The strange set of characters/lives are interesting to read. They have their own stand-alone stories and it is impressive how they lives were interweaved.

What I Don’t Love Much: The length, I think, can be dimished. There are some parts that bored me a bit.

Wise Words: 

“We fail even though things matter very much; it’s the possibility of failure that makes them matter more.”

“What is most beautiful is least acknowledged.”

“So little matters so much, and so much matters so little.”

Terror

Rating: 💖 💖 💖 💖 (Good read, definitely!)

2nd – A book you can finish in a day – Fangirl by Rainbow Rowell

Fangirl

What is it about: Cath is a Simon Snow fan. Okay, the whole world is a Simon Snow fan…
But for Cath, being a fan is her life—and she’s really good at it. She and her twin sister, Wren, ensconced themselves in the Simon Snow series when they were just kids; it’s what got them through their mother leaving.
Reading. Rereading. Hanging out in Simon Snow forums, writing Simon Snow fan fiction, dressing up like the characters for every movie premiere.
Cath’s sister has mostly grown away from fandom, but Cath can’t let go. She doesn’t want to.
Now that they’re going to college, Wren has told Cath she doesn’t want to be roommates. Cath is on her own, completely outside of her comfort zone. She’s got a surly roommate with a charming, always-around boyfriend, a fiction-writing professor who thinks fan fiction is the end of the civilized world, a handsome classmate who only wants to talk about words… And she can’t stop worrying about her dad, who’s loving and fragile and has never really been alone.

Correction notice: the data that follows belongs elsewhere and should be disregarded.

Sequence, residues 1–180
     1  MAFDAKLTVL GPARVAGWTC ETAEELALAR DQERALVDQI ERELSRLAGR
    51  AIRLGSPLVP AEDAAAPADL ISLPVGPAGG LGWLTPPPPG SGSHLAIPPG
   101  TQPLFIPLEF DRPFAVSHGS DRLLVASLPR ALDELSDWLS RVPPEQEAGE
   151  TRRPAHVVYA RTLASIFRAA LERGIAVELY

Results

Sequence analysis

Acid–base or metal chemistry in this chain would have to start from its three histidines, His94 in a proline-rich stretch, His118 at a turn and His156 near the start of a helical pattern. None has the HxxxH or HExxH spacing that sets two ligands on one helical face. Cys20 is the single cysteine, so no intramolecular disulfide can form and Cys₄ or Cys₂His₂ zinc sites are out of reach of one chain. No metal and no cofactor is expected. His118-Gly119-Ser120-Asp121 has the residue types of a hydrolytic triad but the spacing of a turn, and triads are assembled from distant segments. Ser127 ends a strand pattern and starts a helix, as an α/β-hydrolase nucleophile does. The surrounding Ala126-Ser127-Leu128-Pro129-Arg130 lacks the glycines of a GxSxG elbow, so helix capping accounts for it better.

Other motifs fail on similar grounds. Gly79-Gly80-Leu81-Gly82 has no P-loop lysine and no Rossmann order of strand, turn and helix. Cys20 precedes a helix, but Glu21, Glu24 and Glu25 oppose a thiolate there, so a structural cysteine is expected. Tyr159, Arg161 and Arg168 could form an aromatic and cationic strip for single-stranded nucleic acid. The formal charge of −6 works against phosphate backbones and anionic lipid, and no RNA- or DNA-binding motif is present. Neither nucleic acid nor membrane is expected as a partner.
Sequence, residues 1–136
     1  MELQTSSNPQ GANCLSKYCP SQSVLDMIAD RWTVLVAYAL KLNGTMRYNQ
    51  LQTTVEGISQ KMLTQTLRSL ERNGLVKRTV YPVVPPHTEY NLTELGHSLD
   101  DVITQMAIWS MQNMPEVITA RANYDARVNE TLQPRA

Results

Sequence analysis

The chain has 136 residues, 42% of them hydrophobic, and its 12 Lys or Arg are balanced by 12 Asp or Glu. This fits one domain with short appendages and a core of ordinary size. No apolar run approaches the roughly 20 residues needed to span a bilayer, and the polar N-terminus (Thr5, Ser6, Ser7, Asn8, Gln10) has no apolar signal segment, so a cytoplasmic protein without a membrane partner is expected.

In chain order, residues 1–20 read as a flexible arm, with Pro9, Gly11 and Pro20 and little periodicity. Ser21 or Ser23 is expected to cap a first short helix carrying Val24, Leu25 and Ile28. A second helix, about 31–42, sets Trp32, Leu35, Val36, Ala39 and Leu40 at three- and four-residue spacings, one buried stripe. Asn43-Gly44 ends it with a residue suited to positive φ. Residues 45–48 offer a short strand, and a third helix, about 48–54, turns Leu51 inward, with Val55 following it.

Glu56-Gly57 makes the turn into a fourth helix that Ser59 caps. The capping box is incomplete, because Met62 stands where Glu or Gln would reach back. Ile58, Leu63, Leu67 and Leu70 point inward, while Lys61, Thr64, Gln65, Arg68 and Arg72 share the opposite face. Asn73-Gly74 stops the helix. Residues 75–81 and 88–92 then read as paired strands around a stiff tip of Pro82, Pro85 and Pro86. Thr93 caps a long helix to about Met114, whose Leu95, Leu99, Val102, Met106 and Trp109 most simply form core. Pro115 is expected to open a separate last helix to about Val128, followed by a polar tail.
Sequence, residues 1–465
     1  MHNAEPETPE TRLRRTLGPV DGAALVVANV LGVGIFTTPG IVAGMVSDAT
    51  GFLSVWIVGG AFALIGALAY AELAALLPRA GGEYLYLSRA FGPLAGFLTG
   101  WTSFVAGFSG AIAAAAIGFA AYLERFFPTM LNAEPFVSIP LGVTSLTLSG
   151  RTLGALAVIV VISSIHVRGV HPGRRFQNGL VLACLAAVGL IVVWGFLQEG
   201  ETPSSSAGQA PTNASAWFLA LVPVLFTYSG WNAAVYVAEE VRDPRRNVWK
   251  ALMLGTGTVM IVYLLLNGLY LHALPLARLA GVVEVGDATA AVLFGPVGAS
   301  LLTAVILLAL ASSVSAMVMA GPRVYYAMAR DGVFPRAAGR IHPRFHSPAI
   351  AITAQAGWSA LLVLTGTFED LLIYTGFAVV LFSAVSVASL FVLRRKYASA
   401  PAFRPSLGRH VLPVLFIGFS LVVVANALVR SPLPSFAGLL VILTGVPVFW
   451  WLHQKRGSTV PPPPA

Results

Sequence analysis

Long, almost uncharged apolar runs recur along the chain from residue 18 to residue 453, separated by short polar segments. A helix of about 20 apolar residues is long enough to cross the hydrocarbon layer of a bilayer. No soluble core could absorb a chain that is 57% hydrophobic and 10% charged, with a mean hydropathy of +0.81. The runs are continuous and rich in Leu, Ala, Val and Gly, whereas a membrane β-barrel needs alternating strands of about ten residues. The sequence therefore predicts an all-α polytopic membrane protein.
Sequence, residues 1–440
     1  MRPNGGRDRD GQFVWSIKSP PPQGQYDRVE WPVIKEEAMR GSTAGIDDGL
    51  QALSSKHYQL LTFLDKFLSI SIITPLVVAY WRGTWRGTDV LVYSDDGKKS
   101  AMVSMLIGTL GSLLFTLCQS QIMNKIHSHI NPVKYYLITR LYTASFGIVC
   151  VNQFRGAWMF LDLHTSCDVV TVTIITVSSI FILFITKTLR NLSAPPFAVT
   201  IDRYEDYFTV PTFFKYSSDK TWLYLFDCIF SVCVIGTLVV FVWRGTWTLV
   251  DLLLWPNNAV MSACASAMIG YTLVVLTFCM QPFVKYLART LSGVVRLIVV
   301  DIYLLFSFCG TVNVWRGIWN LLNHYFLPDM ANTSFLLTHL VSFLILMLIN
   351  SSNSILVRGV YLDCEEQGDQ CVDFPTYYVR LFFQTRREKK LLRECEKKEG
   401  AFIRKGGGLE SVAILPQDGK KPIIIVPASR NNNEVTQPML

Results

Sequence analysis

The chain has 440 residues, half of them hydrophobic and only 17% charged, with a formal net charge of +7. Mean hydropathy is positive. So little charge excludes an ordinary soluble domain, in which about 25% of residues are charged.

For Cath, the question is: Can she do this? Can she make it without Wren holding her hand? Is she ready to start living her own life? Writing her own stories? And does she even want to move on if it means leaving Simon Snow behind?

What I Love: Rainbow Rowell’s heartwarming storytelling skills is a delight to read. I love the innocence, the softness and the fragility of her characters.

It took me 10pm until maybe 2am to finish this book. Yep. I wasn’t able to stop!

What I Don’t Love Much: The Simon Snow parts…

Wise Words:

“Words are very powerful.. And the take on more power the more that they’re spoken.”

“There’s nothing more profound than creating something out of nothing.” 

Rating: 💖 💖 💖 💖 (Good read, definitely!)

3rd – A murder mystery  – Career of Evil (Cormoran Strike, #3) by Robert Galbraith (Pseudonym), J.K. Rowling

Career of Evil (Cormoran Strike, #3)

What is it about: When a mysterious package is delivered to Robin Ellacott, she is horrified to discover that it contains a woman’s severed leg.

Her boss, private detective Cormoran Strike, is less surprised but no less alarmed. There are four people from his past who he thinks could be responsible – and Strike knows that any one of them is capable of sustained and unspeakable brutality.

With the police focusing on the one suspect Strike is increasingly sure is not the perpetrator, he and Robin take matters into their own hands, and delve into the dark and twisted worlds of the other three men. But as more horrendous acts occur, time is running out for the two of them…

Career of Evil is the third in the series featuring private detective Cormoran Strike and his assistant Robin Ellacott. A mystery and also a story of a man and a woman at a crossroads in their personal and professional lives.

What I Love: It’s creepiness at its best! It will leave you haunted ’cause it is insanely gross!

The red herrings are all well-written and I surely never saw what was coming! So greatly written!

What I Don’t Love Much: Uhm. Nothing! 😀

Rating: 💖 💖 💖 💖 💖 (GREAT read!)

4th – A book recommended by someone you just met – Simon vs. the Homo Sapiens Agenda by Becky Albertalli

Simon vs. the Homo Sapiens Agenda